The requirements for cyberliability insurance compliance are becoming more stringent, reflecting increased incidents of hacking, phishing and other attempts to secure and compromise protected data. Times have changed from hackers simply wanting to destroy IT systems—now they want to mine them for identity theft potential or hold your data for ransom.

Here are some simple guidelines that will improve your IT security posture:

Gateway Security

Gateway security refers to the outermost layer of your IT system—essentially the spot where your network touches the Internet by way of a router or modem. Most Internet service providers have minimal or no firewall capabilities, and most off-the-shelf routers have little in the way of gateway security.

A robust firewall is recommended, including a security subscription that includes virus scanning, intrusion and hacking prevention. Firewalls of this type run anywhere from $500-$1000, and the security subscription can go for $100-200 per year or more, depending on the size of your network.

Email Filtering

The primary avenue for hackers to gain access to data or engage in their nefarious practices these days is email. There are third-party services available that will collect your email in the cloud, scan for and remove emails that are spam, phishing, or infected with a virus and deliver the rest to you. This keeps malicious or infected emails from getting to your network. Costs for these kinds of services run about $2 per mailbox per month. Most industry-standard email systems have these features, but the paid services add an increased level of security.

Two-factor authentication

Two-factor authentication describes a process where, after your initial entry of user name and password, a token is sent to a device, by way of a text to a cell phone or an authenticator app on a mobile device that requires approval by the user.

When it comes to restricting access, two-factor authentication is nearly bulletproof. Without the token, access is denied.

Email two-factor authentication is now built-in to most email providers and simply needs to be activated. In a typical scenario, the user’s cell phone is used to deliver the token and a special app password is generated for Outlook, so that you don’t have to authenticate every time you check your email at your PC.

But if someone attempts to gain access to your email by any other means, your phone will be sent a token. Without it, access is denied.

Two-factor authentication should be available for the software you use to store protected information, like accounting data or customer information. Check with your software manufacturer to see if it is available.

In many cases, 2FA (two-factor authentication) is freely available and just needs to be activated and configured one time.

If application-specific two-factor authentication is not available, you can take the next step and set up 2FA at the PC login level. There are third-party products available (one of the most popular costs about $5 per user per month—meaning you only pay for the user, but can install the security on multiple devices) that sends a token to a cell phone when you logon to your PC, which is great protection for remote workers and portable computers.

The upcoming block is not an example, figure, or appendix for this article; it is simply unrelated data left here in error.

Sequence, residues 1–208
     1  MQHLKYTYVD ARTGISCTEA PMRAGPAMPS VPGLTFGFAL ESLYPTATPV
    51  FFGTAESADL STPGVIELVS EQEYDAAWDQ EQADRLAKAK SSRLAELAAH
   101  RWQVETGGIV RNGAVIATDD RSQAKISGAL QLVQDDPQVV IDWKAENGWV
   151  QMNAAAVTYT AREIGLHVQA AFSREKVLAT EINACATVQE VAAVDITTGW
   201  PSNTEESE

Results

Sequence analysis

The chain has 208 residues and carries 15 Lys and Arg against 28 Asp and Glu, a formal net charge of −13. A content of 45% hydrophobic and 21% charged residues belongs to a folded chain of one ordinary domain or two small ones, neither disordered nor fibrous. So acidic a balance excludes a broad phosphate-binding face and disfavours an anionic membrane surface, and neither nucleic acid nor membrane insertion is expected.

Antivirus Protection

Every PC or server on your network should have a resident antivirus program that does both on-access scanning and does a scheduled daily full scan of the hard drive. If a virus is found, the administrator of your network and the affected user should be notified by the antivirus program.

Ransomware Protection

Ransomware is all the rage these days. The news is full of horror stories where hackers encrypted all the data on a company’s server and they had to pay a ransom in cryptocurrency to get it back. Without the decryption code, your data is gone.

Ransomware protection is two-pronged: endpoint detection and response and consistent data backups.

Endpoint Detection and Response

Ransomware is detectable, either at the point it is delivered to a PC, or when it deploys. Ransomware accesses lots of data at once, which sends up a flare to a security program designed to detect it. Endpoint detection involves catching the ransomware at work. The response usually involves isolating the infected PC from the rest of the network before the ransomware can spread, and retaining copies of files prior to encryption so they can be recovered. Costs for this kind of software runs about $4 per device per month. EDR is a great add-on to your existing antivirus program.

Password Policies and Lock Screens

User passwords should be force-changed periodically. Anywhere from 30-90 rotations are recommended. Additionally, PCs, laptops, and mobile devices should be set to timeout after a period of inactivity, after which the password must be re-entered to allow access.

Backups

The ultimate defense against ransomware, if all else fails, is a reliable point-in-time data backup.

Most Windows-based servers have a feature called shadow copy, which makes copies of all changed files and stores them in a different location on the hard drive. These can be scheduled to run multiple times per day, depending on available disk space. This feature should be activated on all servers, both for possible ransomware protection and quick file recovery in case of accidental deletion or unwanted changes. Shadow copy is no substitute for regular backups to external, rotated media and/or the cloud.

Servers (or workstations housing critical data) should be backed up to removable media like an external hard drive that is regularly removed from the premises. This is a key component of disaster planning as well as cybersecurity. Backing up to the same hard drive every day puts your data at risk of the backup drive going bad or even something as minor as a water leak or fire. Best practices recommend removable media that is rotated daily or a cloud repository with multiple restore points.

If your data is stored in the cloud by way of Dropbox, OneDrive, Google Drive, or other cloud synchronization methods, they likely include 30 days worth of file copies. You can also do a point in time backup to a hard drive for added protection or engage a third-party backup .